There are important changes in how many developing countries are approaching the problem of poverty. Specifically in the area of “social protection” policy — policies intended to prevent or alleviate income insecurity and poverty — these changes are reflected in attempts to move beyond one-off interventions and “safety nets” to policies designed to address some of the underlying problems causing economic vulnerability in the first place.
In a new policy brief, developed with support from the United Nations Development Programme, Rania Antonopoulos considers how women’s economic empowerment can be advanced in the context of this evolution in social protection policy. She zeroes in on the ways in which social protection policies, while addressing income gaps, also shape women’s opportunities through the manner in which these programs “see” or “position” women (whether intentionally or not). To explain how this “positioning” works, she points to three different policies for addressing food insecurity (all targeted at women): cash transfers, free delivery of food staples, and access to land plus subsidized seed and fertilizer. While all these interventions are aimed at reducing food insecurity, Antonopoulos observes that “there are stark differences between them in terms of the process through which deprivation is addressed, and from a gender perspective, differences in the (implicitly) assigned positioning of the beneficiary”:
The first addresses income poverty by enabling women to participate in the economy as consumers, which they otherwise cannot do on their own. The second, in the case of free rationed food, allocates food directly to those deserving of support because of their destitute status and inability to cope. The third approach addresses the income gap through means that enable the beneficiary to engage in the economy as a producer.While all three reduce an identified deprivation, the last one acknowledges it as an outcome of social relations of exclusion in production (i.e., women farmers do not have access to necessary agricultural inputs and support systems) that often underpin people’s experiences of chronic poverty and vulnerability.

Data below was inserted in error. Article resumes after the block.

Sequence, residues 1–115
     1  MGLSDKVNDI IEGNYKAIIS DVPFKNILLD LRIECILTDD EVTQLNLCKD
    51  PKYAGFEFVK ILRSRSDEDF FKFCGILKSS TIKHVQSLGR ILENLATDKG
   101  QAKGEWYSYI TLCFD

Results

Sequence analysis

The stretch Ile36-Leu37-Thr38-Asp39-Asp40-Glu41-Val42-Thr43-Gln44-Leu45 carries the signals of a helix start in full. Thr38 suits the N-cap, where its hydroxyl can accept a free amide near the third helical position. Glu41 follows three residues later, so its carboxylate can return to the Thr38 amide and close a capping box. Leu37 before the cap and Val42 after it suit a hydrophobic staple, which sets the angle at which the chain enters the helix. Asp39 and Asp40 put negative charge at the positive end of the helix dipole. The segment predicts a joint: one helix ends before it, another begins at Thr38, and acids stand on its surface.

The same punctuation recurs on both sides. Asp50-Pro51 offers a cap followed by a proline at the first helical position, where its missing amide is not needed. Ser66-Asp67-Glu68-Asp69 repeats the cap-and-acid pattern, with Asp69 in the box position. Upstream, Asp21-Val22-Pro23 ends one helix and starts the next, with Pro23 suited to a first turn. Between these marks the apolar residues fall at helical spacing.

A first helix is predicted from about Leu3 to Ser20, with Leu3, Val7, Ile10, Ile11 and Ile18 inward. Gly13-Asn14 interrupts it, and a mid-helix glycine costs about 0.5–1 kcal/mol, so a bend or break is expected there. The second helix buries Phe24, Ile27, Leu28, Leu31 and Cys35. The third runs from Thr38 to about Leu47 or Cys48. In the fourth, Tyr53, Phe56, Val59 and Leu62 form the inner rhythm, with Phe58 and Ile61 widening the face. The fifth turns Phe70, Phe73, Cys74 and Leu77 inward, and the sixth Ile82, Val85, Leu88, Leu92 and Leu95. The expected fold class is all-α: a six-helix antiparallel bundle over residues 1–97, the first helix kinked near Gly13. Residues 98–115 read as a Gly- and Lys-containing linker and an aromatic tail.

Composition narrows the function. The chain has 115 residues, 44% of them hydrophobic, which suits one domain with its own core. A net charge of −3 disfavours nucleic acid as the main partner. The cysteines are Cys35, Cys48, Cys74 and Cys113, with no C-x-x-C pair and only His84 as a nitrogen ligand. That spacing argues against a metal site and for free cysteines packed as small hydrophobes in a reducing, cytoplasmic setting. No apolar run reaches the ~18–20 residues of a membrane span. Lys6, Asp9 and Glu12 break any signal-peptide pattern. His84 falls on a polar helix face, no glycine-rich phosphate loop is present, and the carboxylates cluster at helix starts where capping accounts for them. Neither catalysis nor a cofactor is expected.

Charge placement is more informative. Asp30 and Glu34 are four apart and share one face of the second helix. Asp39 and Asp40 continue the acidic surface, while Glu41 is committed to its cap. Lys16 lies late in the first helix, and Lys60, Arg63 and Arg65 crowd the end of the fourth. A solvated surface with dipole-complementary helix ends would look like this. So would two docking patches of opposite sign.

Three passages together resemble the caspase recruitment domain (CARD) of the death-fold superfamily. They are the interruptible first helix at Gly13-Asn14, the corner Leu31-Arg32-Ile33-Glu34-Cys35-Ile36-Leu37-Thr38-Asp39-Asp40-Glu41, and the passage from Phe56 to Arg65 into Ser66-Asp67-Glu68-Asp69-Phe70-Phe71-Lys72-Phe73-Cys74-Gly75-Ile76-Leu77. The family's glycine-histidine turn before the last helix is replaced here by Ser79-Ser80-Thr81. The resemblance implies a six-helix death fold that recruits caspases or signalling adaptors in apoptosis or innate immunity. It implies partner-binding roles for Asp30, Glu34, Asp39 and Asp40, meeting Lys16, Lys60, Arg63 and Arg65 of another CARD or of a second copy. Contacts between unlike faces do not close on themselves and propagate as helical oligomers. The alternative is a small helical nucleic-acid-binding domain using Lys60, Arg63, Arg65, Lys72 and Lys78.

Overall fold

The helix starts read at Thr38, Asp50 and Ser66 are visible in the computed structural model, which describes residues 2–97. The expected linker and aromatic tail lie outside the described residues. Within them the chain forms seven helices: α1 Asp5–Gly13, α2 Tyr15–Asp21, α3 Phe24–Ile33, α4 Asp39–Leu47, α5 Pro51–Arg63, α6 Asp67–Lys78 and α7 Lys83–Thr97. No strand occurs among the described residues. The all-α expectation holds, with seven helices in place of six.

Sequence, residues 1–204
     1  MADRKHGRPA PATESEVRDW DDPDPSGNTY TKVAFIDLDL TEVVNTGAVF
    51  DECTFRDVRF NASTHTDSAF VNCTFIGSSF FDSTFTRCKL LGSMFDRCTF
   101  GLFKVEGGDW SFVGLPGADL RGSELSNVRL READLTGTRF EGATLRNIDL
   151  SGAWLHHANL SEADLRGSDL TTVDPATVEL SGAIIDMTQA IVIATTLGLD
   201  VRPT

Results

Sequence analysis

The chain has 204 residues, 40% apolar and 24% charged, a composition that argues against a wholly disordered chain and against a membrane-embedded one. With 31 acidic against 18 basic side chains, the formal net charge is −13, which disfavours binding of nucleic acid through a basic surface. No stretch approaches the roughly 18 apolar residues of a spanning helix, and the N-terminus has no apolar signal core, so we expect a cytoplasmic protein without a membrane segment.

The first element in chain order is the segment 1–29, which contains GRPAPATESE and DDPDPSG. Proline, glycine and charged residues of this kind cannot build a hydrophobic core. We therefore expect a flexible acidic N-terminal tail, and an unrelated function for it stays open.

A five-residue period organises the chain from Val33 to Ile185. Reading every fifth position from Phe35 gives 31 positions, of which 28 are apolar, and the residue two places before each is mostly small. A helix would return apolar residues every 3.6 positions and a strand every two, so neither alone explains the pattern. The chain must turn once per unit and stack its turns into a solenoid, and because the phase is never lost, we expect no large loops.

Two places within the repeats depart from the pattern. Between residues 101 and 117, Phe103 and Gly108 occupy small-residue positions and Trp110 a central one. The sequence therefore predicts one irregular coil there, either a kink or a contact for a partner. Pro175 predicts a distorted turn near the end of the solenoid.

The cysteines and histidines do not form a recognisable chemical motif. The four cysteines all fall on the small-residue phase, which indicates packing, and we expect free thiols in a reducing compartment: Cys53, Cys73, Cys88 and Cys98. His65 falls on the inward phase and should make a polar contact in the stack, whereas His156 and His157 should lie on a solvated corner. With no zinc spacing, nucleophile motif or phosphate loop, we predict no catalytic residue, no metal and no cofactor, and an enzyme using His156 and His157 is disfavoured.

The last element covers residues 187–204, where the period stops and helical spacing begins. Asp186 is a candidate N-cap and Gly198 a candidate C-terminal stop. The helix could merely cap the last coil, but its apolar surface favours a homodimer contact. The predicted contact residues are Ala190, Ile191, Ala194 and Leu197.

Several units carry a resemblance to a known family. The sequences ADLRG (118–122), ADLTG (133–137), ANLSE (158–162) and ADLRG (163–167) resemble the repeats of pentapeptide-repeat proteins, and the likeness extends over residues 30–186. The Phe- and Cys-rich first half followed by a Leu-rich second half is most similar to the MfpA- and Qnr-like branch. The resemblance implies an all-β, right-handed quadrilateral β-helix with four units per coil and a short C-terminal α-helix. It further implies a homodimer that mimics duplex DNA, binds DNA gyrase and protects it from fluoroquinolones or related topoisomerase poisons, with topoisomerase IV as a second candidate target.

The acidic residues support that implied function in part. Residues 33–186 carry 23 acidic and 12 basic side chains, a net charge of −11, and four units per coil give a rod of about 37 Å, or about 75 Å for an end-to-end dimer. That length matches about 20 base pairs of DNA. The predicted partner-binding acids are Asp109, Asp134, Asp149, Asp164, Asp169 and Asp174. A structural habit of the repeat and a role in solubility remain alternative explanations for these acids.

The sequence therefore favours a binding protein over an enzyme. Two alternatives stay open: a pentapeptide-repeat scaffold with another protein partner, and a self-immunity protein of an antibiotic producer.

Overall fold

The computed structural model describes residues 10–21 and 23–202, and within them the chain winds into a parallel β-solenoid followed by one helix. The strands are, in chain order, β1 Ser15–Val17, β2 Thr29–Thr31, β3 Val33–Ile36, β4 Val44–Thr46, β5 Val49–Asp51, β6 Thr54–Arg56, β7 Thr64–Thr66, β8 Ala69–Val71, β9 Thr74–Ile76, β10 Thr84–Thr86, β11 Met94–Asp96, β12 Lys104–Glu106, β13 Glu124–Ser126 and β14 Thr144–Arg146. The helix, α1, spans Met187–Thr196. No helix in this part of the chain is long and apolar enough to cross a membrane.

While Antonopoulos stresses that there is no one-size-fits-all approach that follows from these observations, these “positioning” dynamics should inform program design: social protection instruments can reinforce gender inequalities, or leave them untouched, but they also offer the potential to help promote women’s roles as active participants in economic life.
Antonopoulos devotes a fair amount of the brief to discussing a pair of policies currently in use in the developing world — conditional cash transfers (CCTs) and employment guarantee programs (EGPs) — and sketches out the areas in which gender equality can be advanced through program redesign. CCTs, increasingly popular in Latin America, offer a cash stipend to primary caretakers on condition that, for instance, said caretakers offer proof that their children are attending school and receiving regular medical checkups. EGPs are relatively new (examples can be found in both South Africa’s Expanded Public Works Programme and India’s Mahatma Gandhi National Rural Employment Guarantee Act). They offer a paying job in a public project for a specified period of time to low-skilled workers who cannot otherwise find employment. Antonopoulos looks at the ways in which EGPs can be designed so as to not only cover income gaps but also tackle some of the disparities women face in the labor market: everything from recognizing and even alleviating women’s unpaid work burdens to avoiding reinforcing women’s exclusion from certain occupational categories.
Antonopoulos also takes on arguments surrounding the question of whether low-income countries can afford to devote an expanding percentage of GDP to social protection spending — pointing out that these arguments often ignore the large costs of not investing in effective social protection policies.